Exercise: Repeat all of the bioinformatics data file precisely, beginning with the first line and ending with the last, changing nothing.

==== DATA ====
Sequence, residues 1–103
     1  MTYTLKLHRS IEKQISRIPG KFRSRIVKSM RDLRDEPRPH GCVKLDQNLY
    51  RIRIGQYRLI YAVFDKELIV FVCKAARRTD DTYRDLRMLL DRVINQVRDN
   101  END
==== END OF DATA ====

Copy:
Sequence, residues 1–103
     1  MTYTLKLHRS IEKQISRIPG KFRSRIVKSM RDLRDEPRPH GCVKLDQNLY
    51  RIRIGQYRLI YAVFDKELIV FVCKAARRTD DTYRDLRMLL DRVINQVRDN
   101  END